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This online guide will take you through the publishing, editing, and promotion process with the Strategic Studies Institute (SSI) of the U.S. Army War College (USAWC). SSI has a small, but highly effective publishing team; consequently, it is very important that you follow the steps outlined in this guide to expedite the publishing of your manuscript. The following lists identify the publication process, the items that you must provide to initiate the publication process, and what you can expect from SSI’s publication team to ensure a timely, accurate, and well-promoted finished product.
Each year the Strategic Studies Institute (SSI) publishes a large number of studies, conference reports, and book-length volumes on a spectrum of issues central to U.S. national security. While SSI analysts write the majority of these publications, many external authors contribute to our study program as well.
Publication by SSI assures authors that their analyses will reach key Army and Department of Defense (DoD) leaders and the global defense intellectual and strategy community. On many occasions, SSI publications have directly affected U.S. policy, military strategy, or military doctrine, and often are quoted in major publications like the New York Times or The Washington Post. They have led to invitations to brief senior leaders and testify in Congress. In addition to the hardcopy publications that are distributed to military leaders, defense policymakers, universities, journalists, and analysts around the world, the full text of SSI studies is available on our website, which attracts thousands of hits per month. SSI publications often are used as required reading in the military educational system and in civilian colleges and universities.
Generally, SSI studies are longer and more comprehensive than a journal article. While there is no set length, the average SSI study is 40–60 double-spaced typewritten pages, with substantial documentation. The most important criteria are quality of analysis, clarity of expression, and relevance to Army and DoD leaders. Manuscripts that are purely theoretical, political, or historical, or which do not link the author’s analysis to current issues and decisions facing Army and DoD leaders, are not appropriate for SSI. Not all SSI studies end with policy or program recommendations for Army and DoD leaders, but many do.
Manuscripts submitted to SSI should be in clear, direct, jargon-free prose. Authors should keep the use of acronyms, passive voice, and other distractors to a minimum. SSI will not publish manuscripts written in a style that is not appropriate for the busy policymakers and leaders who form the core of the Institute’s audience.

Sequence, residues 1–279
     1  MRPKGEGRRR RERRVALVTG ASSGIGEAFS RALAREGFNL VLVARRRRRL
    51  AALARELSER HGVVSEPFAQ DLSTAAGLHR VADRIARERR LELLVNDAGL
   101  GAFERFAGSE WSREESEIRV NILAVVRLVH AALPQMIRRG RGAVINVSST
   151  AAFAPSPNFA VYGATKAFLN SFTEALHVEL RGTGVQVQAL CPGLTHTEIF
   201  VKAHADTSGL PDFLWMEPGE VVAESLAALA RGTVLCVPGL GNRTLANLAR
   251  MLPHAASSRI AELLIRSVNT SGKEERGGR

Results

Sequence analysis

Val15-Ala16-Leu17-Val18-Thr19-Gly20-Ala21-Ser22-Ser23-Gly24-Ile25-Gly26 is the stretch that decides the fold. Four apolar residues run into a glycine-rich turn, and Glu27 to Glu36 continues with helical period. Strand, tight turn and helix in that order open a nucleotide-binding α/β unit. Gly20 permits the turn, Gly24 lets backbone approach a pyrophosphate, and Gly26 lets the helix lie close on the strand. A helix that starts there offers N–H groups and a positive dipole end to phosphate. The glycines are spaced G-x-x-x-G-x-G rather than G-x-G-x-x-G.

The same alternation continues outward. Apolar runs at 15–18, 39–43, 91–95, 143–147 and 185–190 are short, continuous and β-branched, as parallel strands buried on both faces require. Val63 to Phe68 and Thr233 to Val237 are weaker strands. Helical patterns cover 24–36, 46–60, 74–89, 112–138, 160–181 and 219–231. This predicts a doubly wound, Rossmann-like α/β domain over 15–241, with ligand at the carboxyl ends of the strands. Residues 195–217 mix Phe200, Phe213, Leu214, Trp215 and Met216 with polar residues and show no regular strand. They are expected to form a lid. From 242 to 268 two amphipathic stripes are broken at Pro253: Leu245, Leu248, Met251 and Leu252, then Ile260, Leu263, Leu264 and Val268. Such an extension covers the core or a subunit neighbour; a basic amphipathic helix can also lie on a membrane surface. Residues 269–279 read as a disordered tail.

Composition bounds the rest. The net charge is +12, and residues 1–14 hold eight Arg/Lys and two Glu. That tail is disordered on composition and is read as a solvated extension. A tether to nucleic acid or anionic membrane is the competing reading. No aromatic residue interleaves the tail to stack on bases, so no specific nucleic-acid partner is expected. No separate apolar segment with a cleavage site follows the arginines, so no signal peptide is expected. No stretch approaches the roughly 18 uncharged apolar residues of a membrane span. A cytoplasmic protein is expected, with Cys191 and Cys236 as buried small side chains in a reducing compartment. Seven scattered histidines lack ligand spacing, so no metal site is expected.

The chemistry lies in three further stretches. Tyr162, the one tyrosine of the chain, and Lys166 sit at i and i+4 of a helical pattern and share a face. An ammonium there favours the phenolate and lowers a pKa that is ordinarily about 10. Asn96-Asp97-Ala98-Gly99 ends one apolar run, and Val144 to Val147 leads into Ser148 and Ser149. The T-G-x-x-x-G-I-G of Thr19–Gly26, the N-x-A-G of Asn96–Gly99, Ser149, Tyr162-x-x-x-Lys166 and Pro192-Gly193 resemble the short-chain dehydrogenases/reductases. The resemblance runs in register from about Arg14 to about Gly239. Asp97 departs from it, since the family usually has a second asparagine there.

Manuscripts which the author would like SSI to publish without remuneration should be directed to SSI’s Director of Research, Dr. Antulio Echevarria. Authors who seek remuneration must work within SSI’s External Research Associates Program (ERAP). This entails submission of a proposal to the Carlisle Barracks Contracting Officer. Information on the ERAP can be found on SSI’s website. ERAP proposals are considered by a Review Board. Special consideration is given to those which focus on key Army issues and which supplement SSI’s expertise. If the Board elects to support a proposal, the Carlisle Barracks Contracting Officer develops a contract with the author.
Once a manuscript is submitted, the Director of Research, in conjunction with the experts in SSI, will assess it and provide a recommendation to me as to whether it should be published as is, published after revision, or not published. While every effort is made to do this as quickly as possible, the process may take as long as 8 weeks. This applies to both manuscripts prepared under an ERAP contract and those which are not.
Once a manuscript is accepted, our small but highly effective Publications Office will edit the work and prepare it for printing and electronic publishing. SSI seeks to provide all our contributors with the most efficient editing and publication process possible, even as our output grows.
This process moves much more quickly if manuscripts are formatted and submitted according to this Guide. It provides authors the publication requirements and standard “rules” we use in editing, in order to answer your questions in advance and to speed the time from final draft to publication.
If you are an External Research Associate Program (ERAP) Author, see item P.
You must submit via email the following items to ensure timely and accurate publication of your manuscript
First, seek approval to submit your manuscript by sending a CV and abstract of your manuscrupt to Dr. Antulio Echevarria, the SSI acting Director of Publications. If your abstract is selected for publishing, you will then submit your correctly formatted and fully documented final version of the manuscript in accordance with the SSI style and editing tab in this online guide to him.